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    ABSTRACT: Introduction: In Mashonaland East Province, which is home to 186 PMTCT facilities, the Elizabeth Glaser Pediatric AIDS Foundation (EGPAF) conducted a situation analysis to assess the quality of PMTCT program implementation in the province. Methods: A descriptive quantitative cross-sectional survey was conducted in June and July 2011 among nurses working at all 186 health facilities offering PMTCT services in Mashonaland East. District focal persons (DFPs; specialized EGPAF staff that support PMTCT implementation within districts) carried out the survey, which consisted of a questionnaire on provision of HIV testing and counseling, ARV prophylaxis, ART initiation, early infant diagnosis (EID), referral systems, HIV care, and human resources for PMTCT. Results: Of all facilities surveyed, 179 (96.2%) offered antenatal care (ANC) services. More than 80% offered HIV testing and counseling, and roughly 75% of facilities offered combination maternal and infant ARV prophylaxis (rather than single-dose nevirapine). The province has 14 ART initiation sites and 76 follow-up sites. Availability of on-site ART eligibility assessment (i.e., clinical staging and CD4 testing) was minimal, with most facilities referring women elsewhere (Table 1). EID services were offered at 121 (65%) facilities but transportation of blood samples was a major challenge, with an average turnaround time for dried-blood spot (DBS) samples of 60 days between submission of samples and results returned to the site. Tracking mechanisms for CD4, EID and ART initiation referrals were present in less than 15% of facilities. The proportions of nurses trained in the various PMTCT components were below 40%. Conclusion: This analysis provided a critical overview of the status of PMTCT program implementation in the province that helped identify key PMTCT program gaps (e.g., limited capacity of staff to provide PMTCT services and initiate women on ART). Further efforts are needed to improve access to combination ARV prophylaxis for adults and infants, as well as on-site CD4 testing and EID services, and to reduce EID result turnaround times. Based on these findings, the province with EGPAF support will work closely with its district teams to improve each of these components in order to achieve elimination of new pediatric HIV infections by 2015.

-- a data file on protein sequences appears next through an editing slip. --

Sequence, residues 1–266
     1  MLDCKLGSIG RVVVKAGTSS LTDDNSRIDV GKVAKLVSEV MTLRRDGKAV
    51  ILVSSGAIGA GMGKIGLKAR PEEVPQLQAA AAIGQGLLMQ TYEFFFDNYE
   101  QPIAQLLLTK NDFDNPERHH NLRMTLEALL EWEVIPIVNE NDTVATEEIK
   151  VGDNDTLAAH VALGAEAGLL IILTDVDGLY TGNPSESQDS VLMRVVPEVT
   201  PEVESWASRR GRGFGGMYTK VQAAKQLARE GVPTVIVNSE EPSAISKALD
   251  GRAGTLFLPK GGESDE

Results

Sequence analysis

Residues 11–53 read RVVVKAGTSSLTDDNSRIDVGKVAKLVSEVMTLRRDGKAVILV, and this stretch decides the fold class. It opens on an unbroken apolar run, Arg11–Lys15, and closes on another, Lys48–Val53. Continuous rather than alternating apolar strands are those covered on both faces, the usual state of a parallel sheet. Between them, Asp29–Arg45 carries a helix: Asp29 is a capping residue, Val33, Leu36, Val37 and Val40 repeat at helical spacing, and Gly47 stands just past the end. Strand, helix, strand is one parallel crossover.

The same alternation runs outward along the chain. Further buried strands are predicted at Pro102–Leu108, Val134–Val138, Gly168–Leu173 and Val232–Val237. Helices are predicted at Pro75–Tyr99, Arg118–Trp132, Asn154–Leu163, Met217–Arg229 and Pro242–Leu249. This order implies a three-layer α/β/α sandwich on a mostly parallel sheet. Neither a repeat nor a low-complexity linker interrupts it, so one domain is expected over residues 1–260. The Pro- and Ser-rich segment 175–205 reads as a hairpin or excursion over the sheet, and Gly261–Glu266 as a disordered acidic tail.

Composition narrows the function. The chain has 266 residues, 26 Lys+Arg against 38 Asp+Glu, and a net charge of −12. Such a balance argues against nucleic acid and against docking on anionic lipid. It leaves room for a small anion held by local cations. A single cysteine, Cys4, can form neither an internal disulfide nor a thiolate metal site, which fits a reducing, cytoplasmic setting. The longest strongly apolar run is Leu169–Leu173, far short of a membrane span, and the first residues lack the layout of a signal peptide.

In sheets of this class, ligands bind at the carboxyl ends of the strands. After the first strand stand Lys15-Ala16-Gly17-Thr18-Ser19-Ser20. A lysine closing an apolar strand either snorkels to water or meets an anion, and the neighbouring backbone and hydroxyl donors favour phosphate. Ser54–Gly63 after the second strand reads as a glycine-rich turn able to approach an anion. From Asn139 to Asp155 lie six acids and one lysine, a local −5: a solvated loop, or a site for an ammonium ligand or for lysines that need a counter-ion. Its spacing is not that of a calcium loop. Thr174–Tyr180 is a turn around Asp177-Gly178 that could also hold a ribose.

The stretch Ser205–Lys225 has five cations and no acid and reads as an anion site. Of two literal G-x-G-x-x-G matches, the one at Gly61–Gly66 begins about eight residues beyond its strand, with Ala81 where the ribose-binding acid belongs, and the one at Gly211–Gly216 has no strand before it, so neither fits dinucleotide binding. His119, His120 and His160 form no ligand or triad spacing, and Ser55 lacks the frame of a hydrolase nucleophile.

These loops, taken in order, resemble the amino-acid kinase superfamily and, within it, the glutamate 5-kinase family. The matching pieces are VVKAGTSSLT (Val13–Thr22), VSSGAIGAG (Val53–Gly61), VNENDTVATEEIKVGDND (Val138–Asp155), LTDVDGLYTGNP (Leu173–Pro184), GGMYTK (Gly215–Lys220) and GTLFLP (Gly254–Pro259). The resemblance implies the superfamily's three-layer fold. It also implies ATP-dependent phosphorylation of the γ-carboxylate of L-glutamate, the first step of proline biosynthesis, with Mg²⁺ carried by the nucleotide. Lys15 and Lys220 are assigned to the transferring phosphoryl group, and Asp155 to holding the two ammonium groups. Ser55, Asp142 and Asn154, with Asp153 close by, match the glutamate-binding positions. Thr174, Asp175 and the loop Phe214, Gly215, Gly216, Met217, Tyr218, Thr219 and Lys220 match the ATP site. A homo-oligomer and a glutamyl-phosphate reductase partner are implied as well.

IAS2012; 07/2012
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    ABSTRACT: Background: Treatment-eligible HIV-positive pregnant women have the highest risk (>75%) of transmitting HIV to their infants, but only a small proportion of women are being initiated on antiretroviral therapy (ART) during pregnancy in Zimbabwe, partially due to limited access to CD4 testing to determine treatment eligibility. We assessed whether introducing point-of-care (POC) CD4 machines at 43 high-volume, Elizabeth Glaser Pediatric AIDS Foundation supported, PMTCT sites in Zimbabwe increased the proportion of HIV-positive pregnant women assessed for ART eligibility and subsequently initiated on ART. Methods: A quasi-experimental before and after study design was conducted, with 43 high-volume PMTCT sites selected based on number of HIV-positive pregnant women seen. POC CD4 machines were deployed to all 43 sites in June 2011 following health worker trainings on usage of machines and tools (registers, summary sheets). Data were collected before (April-June 2011) and after (July-September 2011) deployment of POC CD4 machines (intervention). Data were analyzed using SPSS v15.0. Differences between proportions were tested using Wilcoxon signed rank test. Results: Before introduction of the POC machines, 617 (51%) of 1,210 HIV-positive pregnant women received a CD4 test at the 43 sites. After the machines were introduced, 890 (81%) of 1,100 women received a CD4 test. There was a significance difference between the proportion of women tested for CD4 count before and after the intervention (P=0.023) and between the proportion initiated on ART before and after the introduction of the CD4 machines (9% [104] before versus 25% [276] after; (P=0.001). Conclusions: Deployment of POC CD4 machines was associated with increased CD4 testing and ART initiation for HIV-positive pregnant women at the 43 intervention sites. Based on these early results, expansion of POC CD4 machines to all high volume PMTCT sites in Zimbabwe is recommended to increase access to ART eligibility towards elimination of new HIV infections in children by 2015.